Isilon adds faster clustered file storage
Deduping nearline storage too
Isilon has souped up its mainstream clustered NAS product and introduced a transactional IO product with SAS disks plus a lower-cost archive model with optional Ocarina deduping.
Isilon has made its name with scale-out network-attached storage (NAS) X-Series products which scale to 2.3PB with 96 nodes clustered across InfiniBand, all inside one global OneFS filesystem volume and namespace. The products use a 1Gbit/s Ethernet host interface and 7,200rpm 1TB SATA drives, and have proved popular in digital media file processing applications such as special effects rendering in movies and other high file-access rate environments such as the pharmaceutical, life sciences and Web 2.0.
In early 2008 Isilon swapped out its CEO and CFOs and restated its accounts. Co-founder Sujal Patel took over the CEO reins and has been clearing up the financial situation since then and recruiting new senior executives to run product engineering and operations and also the sales channel - by recruiting Leonard Iventosch, NetApp's ex-channel sales boss.
Fortunately for Isilon, whose product strategy is predicated on file data storage needs overtaking and then dominating block storage needs, its main competitor NetApp has had its own difficulties developing a scale-out NAS clustering product. NetApp's ONTAP 8, which is hoped to deliver that functionality, won't be released until later this year.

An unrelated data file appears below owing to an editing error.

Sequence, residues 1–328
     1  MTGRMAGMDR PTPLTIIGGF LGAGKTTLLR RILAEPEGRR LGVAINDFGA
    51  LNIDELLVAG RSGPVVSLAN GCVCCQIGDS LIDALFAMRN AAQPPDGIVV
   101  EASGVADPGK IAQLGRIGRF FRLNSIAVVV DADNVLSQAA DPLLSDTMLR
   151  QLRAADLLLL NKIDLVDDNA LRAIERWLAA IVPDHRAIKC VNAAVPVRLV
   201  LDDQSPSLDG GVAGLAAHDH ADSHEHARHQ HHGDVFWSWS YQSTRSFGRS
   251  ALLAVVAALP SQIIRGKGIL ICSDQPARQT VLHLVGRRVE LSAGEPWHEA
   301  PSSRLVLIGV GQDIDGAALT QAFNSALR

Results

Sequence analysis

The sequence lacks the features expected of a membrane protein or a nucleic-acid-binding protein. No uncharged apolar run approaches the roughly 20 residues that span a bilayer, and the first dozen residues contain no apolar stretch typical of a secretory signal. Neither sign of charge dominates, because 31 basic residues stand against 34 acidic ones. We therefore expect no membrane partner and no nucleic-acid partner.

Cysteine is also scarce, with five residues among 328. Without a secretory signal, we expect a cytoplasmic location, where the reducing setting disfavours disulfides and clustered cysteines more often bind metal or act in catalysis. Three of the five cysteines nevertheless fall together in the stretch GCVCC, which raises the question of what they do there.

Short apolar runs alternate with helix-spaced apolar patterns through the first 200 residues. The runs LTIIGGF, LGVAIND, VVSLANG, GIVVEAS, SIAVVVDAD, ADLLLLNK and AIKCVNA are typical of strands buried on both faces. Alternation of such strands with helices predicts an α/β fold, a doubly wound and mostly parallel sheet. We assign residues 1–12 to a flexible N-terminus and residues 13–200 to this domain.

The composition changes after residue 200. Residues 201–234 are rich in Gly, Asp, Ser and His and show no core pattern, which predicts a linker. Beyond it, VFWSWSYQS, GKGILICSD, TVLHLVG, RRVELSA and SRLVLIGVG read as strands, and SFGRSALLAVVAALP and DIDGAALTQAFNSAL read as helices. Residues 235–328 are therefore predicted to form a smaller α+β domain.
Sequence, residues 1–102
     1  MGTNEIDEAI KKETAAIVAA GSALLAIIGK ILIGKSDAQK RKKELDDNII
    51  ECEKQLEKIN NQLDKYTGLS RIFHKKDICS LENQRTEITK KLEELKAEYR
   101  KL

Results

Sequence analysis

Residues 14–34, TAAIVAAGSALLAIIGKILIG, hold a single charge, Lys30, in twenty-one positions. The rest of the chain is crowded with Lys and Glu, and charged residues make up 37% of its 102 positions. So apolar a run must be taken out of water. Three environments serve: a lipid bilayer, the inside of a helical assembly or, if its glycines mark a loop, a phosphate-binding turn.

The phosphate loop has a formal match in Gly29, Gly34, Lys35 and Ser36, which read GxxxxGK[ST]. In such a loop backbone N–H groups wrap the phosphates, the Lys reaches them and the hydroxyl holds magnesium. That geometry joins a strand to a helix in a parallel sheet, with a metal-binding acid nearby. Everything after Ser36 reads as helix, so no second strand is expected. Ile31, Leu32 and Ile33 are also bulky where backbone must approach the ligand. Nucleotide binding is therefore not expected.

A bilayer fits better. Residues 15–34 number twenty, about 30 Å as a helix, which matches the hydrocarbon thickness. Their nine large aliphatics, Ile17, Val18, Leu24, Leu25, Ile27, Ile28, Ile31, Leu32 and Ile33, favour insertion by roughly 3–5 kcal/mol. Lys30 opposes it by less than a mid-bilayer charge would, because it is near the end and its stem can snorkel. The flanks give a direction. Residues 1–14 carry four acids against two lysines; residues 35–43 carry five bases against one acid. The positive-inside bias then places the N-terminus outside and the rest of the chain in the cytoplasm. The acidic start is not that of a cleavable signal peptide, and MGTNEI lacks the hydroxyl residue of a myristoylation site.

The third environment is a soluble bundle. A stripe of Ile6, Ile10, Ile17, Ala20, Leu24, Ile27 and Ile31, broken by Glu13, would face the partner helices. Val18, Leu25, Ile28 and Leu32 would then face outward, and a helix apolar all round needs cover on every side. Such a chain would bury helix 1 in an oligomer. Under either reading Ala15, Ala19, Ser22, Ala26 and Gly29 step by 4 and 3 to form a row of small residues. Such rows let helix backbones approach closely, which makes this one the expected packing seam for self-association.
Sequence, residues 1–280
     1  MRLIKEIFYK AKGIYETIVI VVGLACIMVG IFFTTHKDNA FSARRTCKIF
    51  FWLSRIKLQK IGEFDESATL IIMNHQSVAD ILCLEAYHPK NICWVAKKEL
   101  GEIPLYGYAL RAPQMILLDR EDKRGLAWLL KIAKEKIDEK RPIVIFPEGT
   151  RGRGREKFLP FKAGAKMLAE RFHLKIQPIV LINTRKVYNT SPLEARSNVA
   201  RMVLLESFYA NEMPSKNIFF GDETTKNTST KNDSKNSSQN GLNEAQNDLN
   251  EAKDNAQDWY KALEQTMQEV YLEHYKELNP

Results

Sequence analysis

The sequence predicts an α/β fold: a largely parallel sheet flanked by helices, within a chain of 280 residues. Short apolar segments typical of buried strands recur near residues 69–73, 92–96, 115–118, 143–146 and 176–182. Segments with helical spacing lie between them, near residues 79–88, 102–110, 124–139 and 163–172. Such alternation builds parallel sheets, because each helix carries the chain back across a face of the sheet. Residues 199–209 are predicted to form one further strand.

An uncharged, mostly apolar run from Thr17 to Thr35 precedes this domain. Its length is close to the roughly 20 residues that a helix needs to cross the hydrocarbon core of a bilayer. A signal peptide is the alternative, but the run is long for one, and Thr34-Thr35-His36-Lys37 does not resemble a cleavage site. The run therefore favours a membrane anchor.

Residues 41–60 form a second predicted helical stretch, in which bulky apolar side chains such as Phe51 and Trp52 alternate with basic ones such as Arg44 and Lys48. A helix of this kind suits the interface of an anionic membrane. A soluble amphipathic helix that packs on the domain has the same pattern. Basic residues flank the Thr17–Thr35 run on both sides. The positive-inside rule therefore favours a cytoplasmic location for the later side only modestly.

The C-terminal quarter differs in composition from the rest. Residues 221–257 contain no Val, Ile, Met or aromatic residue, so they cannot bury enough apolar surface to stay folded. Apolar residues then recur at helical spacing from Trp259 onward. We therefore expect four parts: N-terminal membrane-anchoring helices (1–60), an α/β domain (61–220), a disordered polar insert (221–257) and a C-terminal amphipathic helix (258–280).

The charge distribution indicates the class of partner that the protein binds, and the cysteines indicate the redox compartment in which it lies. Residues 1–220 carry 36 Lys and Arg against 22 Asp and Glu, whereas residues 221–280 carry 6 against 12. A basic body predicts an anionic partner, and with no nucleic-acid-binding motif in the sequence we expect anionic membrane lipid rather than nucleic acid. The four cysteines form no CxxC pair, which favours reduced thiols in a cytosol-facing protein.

This has given Isilon time to strengthen its core offering and introduce two complementary product flavours to encourage Isilon customers to spend more money with the company.
The new mainstream X-Series box is the IQ 36000 which uses a punchier controller, featuring dual quad-core 2.33GHz Xeons in a 4U enclosure. It offers up to 36 1TB SATA drives per node and four 1Gig E. The minimum cluster size is 7 nodes and the maximum cluster of 96 nodes can support 3.45PB of capacity. It has 10GigE support when combined with an IQ Accelerator node and offers more than 400MB/sec single stream I/O performance.
The 5400 S-Series node takes advantage of 15,000rpm SAS drives to offer a faster response per node to file access requests for more transaction-focussed workloads. Each 2U node can have 12 450GB SAS drives, that's 5.4TB/node, and use the same controller as the IQ 36000 to support 12,000 IOPS/node. A 5400 cluster can scale from 16TB to more than 500TB, have 1.5TB of globally coherent cache, and support more than 1 million IOPS. Isilon reckons the 5400 S has 30 per cent better price/performance than NetApp, its main competitor, at its list price of $2/GB.
By taking performance-accelerating features out of the IQ 36000, Isilon has been able to reduce its cost and produce an IQ 36NL model variant suited, it says, for nearline or secondary storage applications. The controller has a single quad-core Xeon with only a single gigE host interface port and less memory at 4GB of SDRAM versus the 36000 X-Seres' 8GB. Its capacity per node is the same but the cost per node much less.